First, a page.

Assaying for thermostable DNA polymerase activity in putative theromophilic bacteria isolates from selected garbage dumping sites and hot springs, in Uganda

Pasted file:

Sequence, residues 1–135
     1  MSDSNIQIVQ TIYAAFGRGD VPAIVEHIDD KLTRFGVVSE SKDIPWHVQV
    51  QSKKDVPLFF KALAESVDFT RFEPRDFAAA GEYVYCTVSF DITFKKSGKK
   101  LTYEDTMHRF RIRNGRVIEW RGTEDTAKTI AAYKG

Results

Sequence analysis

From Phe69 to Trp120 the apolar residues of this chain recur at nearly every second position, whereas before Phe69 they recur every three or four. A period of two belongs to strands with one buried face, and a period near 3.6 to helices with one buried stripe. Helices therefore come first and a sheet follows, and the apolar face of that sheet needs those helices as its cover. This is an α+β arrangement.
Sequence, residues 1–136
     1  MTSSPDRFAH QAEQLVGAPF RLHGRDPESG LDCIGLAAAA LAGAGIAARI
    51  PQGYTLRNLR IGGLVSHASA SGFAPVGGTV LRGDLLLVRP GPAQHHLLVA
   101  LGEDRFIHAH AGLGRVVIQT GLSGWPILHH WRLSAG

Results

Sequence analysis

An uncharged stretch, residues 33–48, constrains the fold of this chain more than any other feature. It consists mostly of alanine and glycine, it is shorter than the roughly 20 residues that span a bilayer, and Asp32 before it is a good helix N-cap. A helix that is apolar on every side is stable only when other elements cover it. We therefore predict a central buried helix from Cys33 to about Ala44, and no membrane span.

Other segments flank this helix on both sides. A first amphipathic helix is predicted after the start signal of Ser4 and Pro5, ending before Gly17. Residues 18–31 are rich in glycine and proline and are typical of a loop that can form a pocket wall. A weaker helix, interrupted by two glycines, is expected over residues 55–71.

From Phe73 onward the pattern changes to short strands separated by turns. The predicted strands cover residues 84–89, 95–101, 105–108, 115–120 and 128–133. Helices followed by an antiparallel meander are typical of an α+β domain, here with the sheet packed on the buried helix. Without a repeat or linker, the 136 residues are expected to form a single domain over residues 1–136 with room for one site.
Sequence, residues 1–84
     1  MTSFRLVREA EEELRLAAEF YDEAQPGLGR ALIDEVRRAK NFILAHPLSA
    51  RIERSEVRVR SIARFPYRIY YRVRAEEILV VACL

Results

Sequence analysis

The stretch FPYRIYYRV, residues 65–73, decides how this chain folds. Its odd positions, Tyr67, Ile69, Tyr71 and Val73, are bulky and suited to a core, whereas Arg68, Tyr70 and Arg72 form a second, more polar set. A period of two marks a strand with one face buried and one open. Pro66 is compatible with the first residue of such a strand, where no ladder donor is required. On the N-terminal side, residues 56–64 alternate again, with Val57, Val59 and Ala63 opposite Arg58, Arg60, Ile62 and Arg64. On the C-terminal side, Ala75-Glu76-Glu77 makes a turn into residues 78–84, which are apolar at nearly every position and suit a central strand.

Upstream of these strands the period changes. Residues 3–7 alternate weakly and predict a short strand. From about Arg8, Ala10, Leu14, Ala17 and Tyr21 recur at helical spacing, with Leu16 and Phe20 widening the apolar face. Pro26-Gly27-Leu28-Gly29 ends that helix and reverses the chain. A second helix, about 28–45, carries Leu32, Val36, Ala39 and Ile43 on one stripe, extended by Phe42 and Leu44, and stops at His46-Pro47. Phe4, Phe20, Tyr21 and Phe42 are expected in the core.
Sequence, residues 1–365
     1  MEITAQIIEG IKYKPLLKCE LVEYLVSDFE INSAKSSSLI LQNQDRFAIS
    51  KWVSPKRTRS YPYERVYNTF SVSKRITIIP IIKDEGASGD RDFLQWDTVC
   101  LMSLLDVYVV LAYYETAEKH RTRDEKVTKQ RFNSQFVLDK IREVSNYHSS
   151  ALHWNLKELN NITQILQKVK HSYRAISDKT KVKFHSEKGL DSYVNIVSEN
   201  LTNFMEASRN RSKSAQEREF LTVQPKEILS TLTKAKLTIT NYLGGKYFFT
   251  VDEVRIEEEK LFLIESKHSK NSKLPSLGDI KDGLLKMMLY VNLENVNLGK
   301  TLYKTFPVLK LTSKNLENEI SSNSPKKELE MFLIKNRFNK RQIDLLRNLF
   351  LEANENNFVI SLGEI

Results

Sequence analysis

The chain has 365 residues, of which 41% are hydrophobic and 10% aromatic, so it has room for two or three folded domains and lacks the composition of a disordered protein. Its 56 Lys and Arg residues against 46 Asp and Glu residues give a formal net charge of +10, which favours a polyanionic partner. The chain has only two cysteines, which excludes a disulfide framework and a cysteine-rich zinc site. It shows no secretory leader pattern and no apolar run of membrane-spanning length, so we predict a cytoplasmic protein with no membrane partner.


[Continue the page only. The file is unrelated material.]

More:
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Molecular and biotechnological research and training in Uganda is hampered by the high cost of acquisition of the required/appropriate chemicals and reagents, notably the DNA polymerase enzyme. Subsequently, there is insufficient practical training in molecular techniques, especially the Polymerase Chain Reaction (PCR) based, at tertiary institutions. This study set out to explore bacterial thermophiles from selected compost pits and hot springs in Uganda for production of thermostable polymerases as an alternative source for use in practical training and biotechnology. The study assessed the basic bacteria cell morphology and colony characteristics; and utilized genotypic methods of 16sRNA sequencing together with Naїve Bayesian Classification to offer a statistical test to flag taxa differentially represented between samples. Putative novel bacteria were isolated from selected garbage compost sites and geothermal hot springs in Uganda. The genotyping revealed that an isolate from compost UG-Wampewo belonged to Proteobacterium at 60% degree of confidence; while the hot spring isolates, Ug Kiga_Mud2,and Ug Kiga, are probably a novel species under Genus Aneurinibacillus (80 % degree of confidence) and Genus Pantoea (47%) respectively. Isolate Ug Kiga_Mud1 is most likely to be a strain of Aneurinibacillus thermoaurophillus as indicated by a degree of confidence at 100%. Characterization for polymerase enzyme activity revealed that the crude protein extracted from compost isolates showed negative results when used in PCR while the crude protein extract from the geothermal hot springs showed positive results. The phenotypic characterization of Ug-Wampewo indicated that this putative novel bacterium is a gram negative coccobacillus with very large cream colonies on nutrient agar. The study recommends comprehensive physiological, biochemical and chemotaxonomic characterization of the novel putative organisms. In addition, a detailed assessment of the organisms is recommended in order to explore the potential applications of the novel putative bacteria in industry and biotechnology.